How do you make a song last longer and sound more interesting? I call it the three-minute rule. A song needs to last at least three minutes for it to register in the listener’s ears. That’s my rule, after testing my audiences in a variety of settings. A short piece simply doesn’t register. How to you prolong and add variety to a song? This happens often in our ukulele jam sessions, in which we prepare for our gigs. Here are some ideas for all songs, whether you accompany with ukulele, guitar, or piano.
There seems to be an inverse correlation between construction and longevity. The longer lasting the song, the simpler you can expect the harmonic and melodic structures to be.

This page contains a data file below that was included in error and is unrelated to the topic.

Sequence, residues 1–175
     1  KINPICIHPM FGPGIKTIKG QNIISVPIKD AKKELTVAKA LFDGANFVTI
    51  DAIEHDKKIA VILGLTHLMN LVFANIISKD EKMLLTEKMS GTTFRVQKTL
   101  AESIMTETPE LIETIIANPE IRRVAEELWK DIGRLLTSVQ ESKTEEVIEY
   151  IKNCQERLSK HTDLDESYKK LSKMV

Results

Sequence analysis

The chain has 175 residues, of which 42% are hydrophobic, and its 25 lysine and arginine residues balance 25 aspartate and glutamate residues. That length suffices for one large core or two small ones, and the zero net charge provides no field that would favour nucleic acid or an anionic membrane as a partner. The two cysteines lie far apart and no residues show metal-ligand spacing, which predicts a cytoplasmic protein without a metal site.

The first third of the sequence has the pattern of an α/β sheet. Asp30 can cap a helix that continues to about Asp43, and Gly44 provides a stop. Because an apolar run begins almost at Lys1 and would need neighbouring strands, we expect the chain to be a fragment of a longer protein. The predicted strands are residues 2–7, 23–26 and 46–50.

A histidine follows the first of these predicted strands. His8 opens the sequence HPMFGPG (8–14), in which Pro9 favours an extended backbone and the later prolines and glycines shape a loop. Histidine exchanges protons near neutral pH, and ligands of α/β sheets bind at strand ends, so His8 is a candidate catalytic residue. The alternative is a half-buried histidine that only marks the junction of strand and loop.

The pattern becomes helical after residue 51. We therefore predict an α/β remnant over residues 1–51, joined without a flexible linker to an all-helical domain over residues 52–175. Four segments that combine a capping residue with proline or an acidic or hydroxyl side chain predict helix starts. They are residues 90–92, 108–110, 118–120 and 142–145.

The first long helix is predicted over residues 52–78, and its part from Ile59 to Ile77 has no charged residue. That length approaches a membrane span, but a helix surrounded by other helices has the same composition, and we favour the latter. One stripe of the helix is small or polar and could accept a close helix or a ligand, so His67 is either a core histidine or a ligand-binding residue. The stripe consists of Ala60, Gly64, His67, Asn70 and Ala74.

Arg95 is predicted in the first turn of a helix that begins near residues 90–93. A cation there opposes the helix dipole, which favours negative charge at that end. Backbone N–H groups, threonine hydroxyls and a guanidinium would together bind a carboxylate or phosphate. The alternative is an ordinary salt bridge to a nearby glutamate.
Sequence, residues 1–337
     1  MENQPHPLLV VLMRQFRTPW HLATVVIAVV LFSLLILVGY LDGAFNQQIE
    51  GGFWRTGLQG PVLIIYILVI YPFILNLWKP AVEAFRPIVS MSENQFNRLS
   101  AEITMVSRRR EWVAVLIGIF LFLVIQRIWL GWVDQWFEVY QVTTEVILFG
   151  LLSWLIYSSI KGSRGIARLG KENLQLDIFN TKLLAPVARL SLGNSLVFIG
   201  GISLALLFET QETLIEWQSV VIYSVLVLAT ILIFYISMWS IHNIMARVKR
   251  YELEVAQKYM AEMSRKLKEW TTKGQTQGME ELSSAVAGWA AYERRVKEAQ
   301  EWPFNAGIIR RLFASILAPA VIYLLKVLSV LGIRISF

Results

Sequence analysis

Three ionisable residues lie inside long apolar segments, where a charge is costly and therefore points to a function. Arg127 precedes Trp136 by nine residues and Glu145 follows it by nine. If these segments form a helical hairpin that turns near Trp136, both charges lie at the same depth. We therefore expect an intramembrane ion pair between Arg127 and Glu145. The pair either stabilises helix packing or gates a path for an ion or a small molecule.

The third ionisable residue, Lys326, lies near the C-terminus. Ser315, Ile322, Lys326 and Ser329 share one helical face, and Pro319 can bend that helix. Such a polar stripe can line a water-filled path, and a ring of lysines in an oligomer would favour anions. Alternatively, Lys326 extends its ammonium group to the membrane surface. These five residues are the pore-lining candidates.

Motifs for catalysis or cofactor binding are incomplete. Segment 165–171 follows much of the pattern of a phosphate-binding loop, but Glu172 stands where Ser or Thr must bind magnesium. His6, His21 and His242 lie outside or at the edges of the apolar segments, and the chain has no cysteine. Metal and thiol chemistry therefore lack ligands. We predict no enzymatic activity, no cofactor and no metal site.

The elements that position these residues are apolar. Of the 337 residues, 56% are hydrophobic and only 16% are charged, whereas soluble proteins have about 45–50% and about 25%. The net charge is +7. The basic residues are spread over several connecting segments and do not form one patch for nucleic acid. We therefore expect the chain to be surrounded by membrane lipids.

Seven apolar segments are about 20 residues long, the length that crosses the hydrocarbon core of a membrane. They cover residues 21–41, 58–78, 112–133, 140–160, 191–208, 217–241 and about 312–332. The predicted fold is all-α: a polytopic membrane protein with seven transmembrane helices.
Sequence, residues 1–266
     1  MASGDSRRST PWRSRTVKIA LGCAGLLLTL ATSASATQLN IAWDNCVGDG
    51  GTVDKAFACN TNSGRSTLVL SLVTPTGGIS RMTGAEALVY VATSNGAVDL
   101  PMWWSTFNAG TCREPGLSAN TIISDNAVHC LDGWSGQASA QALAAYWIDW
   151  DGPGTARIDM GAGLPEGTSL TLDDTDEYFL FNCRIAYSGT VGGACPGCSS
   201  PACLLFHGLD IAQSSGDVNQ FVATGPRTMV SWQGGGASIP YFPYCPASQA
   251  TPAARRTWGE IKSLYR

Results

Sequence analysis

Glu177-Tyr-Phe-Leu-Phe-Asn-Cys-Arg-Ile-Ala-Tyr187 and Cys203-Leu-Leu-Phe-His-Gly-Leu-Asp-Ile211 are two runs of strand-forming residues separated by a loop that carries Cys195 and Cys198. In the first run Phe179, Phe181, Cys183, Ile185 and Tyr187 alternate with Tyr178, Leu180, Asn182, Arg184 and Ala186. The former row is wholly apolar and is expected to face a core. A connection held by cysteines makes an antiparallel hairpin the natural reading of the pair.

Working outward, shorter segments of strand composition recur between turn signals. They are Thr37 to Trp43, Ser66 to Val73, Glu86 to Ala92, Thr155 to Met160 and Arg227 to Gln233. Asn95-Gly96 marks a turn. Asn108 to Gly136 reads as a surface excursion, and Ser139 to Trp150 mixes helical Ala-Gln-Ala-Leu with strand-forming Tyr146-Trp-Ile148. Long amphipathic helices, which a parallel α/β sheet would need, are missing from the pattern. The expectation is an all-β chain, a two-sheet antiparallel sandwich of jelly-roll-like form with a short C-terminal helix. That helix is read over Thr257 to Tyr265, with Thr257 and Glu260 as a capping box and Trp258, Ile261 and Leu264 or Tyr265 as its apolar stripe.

A song I sang as a teenager on long and winding road trips was a riddle in counting backwards from 99 to one. The idea is that the more you drink, the harder it is to count backwards in a group. [Note: Back then, there was no such thing as drinking age, especially on the island of Okinawa!] Add another dimension of modulating it through the major triads based on the twelve notes in a chromatic scale and you will be sure to stay sober!